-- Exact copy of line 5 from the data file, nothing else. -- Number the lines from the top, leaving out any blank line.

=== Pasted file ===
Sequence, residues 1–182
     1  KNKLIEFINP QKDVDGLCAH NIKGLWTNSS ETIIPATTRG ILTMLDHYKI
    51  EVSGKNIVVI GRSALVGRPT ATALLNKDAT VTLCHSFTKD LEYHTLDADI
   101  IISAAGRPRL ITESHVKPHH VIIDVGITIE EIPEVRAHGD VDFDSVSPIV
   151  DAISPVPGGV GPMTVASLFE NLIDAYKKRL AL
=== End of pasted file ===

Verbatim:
   151  DAISPVPGGV GPMTVASLFE NLIDAYKKRL AL